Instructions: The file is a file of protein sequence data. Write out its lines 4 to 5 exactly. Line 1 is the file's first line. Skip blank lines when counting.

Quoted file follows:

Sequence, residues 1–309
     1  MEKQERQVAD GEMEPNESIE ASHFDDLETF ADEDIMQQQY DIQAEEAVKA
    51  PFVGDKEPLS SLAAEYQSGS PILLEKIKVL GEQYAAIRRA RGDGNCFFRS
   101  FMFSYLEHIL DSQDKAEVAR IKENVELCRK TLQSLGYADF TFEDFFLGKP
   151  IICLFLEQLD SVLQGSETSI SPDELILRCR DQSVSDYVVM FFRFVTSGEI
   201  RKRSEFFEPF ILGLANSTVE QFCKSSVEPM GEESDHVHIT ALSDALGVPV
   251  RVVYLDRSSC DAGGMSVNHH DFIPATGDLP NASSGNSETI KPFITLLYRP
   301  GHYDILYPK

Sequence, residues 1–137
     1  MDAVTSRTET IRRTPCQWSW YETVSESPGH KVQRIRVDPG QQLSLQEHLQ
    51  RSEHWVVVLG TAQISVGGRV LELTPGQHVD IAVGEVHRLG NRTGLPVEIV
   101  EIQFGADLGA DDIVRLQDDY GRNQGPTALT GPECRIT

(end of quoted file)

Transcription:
   101  FMFSYLEHIL DSQDKAEVAR IKENVELCRK TLQSLGYADF TFEDFFLGKP
   151  IICLFLEQLD SVLQGSETSI SPDELILRCR DQSVSDYVVM FFRFVTSGEI